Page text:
blog article

General Assembly's Web Development Immersive: Q&A Highlights

Written By Liz Eggleston

Last updated on December 28, 2020


Gainfosession 2

Thinking about a career in web development? General Assembly conducted a Web Development Immersive online information session last week, and answered questions from Course Report readers! Watch the full info session below, and check out our favorite audience questions and answers from GA instructors and staff.



Audience Q&A

Can I learn enough to be the CTO of my own company or just build an MVP?

Katie: Are students prepared to be CTOs when they graduate from this class? After 12 weeks, you’re not quite ready to be a CTO.  Will you be able to hire the right people? Yes! Will you be able to read and understand code and fix it? Yes! You could definitely build an MVP as your final project. We do have entrepreneurs that come out of this class. If you want to become a CTO immediately, this isn’t the best course for you, but if that’s  something you’re looking to move into down the line, then absolutely.

How do I get financing for this course, especially if I don’t have a long credit history?

Shane: Our students usually pay for this course in two ways. We set up a payment plan for all of our students with a minimum $250 deposit upfront. We spread out the remainder of the tuition in 4 roughly equal payments about a month apart. If this is something that is not feasible for you, we have financing partners in each of our markets that provide fixed-rate student loans. Provided you qualify through their credit checks, you’ll be approved for a loan within 3-5 days.

GA has a close working relationship with financing partners. If you are approved and accept, we get notification. You work with the financing partners to establish a payment plan after the course is completed. All of our financing partners are on our website, if you go to the Web Development Immersive class and scroll down to the “Finance Options” section. They’re accessible if you want to ask specific questions about your credit history and how this could work out for you.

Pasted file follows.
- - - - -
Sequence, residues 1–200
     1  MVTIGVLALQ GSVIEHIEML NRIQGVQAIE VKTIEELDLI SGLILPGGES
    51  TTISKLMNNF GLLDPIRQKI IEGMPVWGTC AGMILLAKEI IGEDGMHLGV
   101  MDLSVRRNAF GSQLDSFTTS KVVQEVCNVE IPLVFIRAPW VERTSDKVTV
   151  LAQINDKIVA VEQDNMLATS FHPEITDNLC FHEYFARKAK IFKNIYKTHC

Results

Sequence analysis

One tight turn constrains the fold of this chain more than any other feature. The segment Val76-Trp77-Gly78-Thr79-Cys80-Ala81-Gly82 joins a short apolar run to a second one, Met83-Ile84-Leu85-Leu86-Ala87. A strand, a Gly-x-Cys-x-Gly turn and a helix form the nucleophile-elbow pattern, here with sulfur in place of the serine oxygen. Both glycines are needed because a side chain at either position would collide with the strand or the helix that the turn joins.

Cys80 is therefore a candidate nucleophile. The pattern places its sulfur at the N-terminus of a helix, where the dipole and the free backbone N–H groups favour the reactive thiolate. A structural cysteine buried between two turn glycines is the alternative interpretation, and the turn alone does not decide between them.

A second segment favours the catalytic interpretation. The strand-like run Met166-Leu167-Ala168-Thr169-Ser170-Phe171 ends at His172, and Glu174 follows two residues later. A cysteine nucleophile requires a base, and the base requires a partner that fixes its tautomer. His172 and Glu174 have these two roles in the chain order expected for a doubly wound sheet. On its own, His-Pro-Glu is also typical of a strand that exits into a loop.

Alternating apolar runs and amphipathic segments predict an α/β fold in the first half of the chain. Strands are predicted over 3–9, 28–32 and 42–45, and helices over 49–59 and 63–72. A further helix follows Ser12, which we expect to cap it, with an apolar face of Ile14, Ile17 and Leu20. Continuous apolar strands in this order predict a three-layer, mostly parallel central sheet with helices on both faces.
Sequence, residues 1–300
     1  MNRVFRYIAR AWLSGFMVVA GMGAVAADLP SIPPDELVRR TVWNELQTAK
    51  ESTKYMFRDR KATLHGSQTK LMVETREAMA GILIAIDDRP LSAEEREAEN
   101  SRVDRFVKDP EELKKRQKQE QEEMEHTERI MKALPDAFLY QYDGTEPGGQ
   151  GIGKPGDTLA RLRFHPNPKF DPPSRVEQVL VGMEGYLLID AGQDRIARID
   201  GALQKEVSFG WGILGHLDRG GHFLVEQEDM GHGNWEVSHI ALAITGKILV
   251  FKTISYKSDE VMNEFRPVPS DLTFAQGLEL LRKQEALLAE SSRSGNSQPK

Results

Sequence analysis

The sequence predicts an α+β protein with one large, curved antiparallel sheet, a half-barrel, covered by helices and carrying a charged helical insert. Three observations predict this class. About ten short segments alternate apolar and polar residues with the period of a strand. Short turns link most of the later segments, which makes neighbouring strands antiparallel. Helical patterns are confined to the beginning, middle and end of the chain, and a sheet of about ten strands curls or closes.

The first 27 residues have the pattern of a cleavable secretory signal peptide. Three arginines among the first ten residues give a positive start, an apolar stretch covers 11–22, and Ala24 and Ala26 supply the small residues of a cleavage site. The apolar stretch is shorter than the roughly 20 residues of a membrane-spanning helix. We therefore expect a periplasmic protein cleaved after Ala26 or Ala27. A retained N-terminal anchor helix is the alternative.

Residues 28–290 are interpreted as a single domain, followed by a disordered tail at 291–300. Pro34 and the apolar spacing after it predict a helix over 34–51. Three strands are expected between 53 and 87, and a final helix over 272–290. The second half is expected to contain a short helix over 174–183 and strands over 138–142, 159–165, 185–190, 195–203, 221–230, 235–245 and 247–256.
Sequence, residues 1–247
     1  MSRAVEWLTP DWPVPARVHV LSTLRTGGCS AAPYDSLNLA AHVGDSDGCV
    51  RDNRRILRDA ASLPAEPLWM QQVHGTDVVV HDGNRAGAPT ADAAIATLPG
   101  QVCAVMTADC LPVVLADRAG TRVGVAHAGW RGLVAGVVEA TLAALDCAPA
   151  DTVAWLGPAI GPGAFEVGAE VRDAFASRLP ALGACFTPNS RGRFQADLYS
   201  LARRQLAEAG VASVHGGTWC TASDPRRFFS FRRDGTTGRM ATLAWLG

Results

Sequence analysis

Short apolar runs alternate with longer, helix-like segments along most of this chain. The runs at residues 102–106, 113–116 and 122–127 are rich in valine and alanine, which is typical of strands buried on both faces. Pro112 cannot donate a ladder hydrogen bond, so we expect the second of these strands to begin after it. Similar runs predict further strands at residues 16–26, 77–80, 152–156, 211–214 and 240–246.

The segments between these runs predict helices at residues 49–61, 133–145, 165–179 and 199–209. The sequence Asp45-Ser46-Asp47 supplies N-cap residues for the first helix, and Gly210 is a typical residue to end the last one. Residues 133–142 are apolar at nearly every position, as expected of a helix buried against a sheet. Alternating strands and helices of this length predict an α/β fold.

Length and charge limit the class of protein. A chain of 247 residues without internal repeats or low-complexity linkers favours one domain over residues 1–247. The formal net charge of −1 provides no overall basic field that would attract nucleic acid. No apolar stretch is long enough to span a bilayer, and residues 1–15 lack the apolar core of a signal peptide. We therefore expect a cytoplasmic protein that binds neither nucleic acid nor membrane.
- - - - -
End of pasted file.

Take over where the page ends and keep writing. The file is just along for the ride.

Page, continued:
Do you recommend taking the part-time Product Management classes or could WDI help me get a job as a Product Manager?

Katie: The answer is yes to both depending on what your ultimate goal is. If you need to learn how to code for the Product Management position at your company, then yes, I would suggest taking WDI. It’s very good for a Product Manager to start as either a UX designer or a web developer before getting promoted into a product role.

However, if the product role that you’re working on is not very technical, we have both part and full time Product Management courses that could be up your alley. Being able to work with web developers, product managers and UX designers is useful and necessary when you’re trying to become a Product Manager. Depending on what it is that you want to accomplish and how technical the project is that you’re working on, WDI could be a really great fit for you.

I have recently completed the Codecademy Rails track- am I ready to apply for WDI? What kind of take home or live coding challenge is there to get into the program?

Shane: I love to hear when students have started learning on their own. It’s a great first step in this  journey. The more you know from Day 1, the further you’re going to get in the course. Our pre-interview assignment specifically focuses on HTML and CSS and also JavaScript, if students feel comfortable including that in their project and workflow. While Ruby on Rails is not part of the project, I think that any type of coding experience goes nicely with the skillset that we are looking for. Our assignment comes with a full tutorial, so if you haven’t coded in the past, you’ll have time to work through these problems and make your first simple web page.

Our instructors and admission producers across the country are looking for specific skills, problem solving skills. The pre-interview assignment is not the “be-all and end-all,” but we do want to see that you’ve put an effort into learning these skills and that this is really important to you. Andrew, can you talk about prerequisite skills?

Andrew: The short version is you’re never wasting time looking into JavaScript. HTML and CSS is what the initial project is about. We don’t have an expectation that you have experience with Rails, Ruby or JavaScript. With that said, if you want to level up before entering the course, JavaScript is the place to put that energy. The Mozilla Developer Network is a great resource for JavaScript related topics. Going through Rails would be great. You're just getting a first pass on topics that we would cover in the course. Any minute spent on JavaScript is not wasted.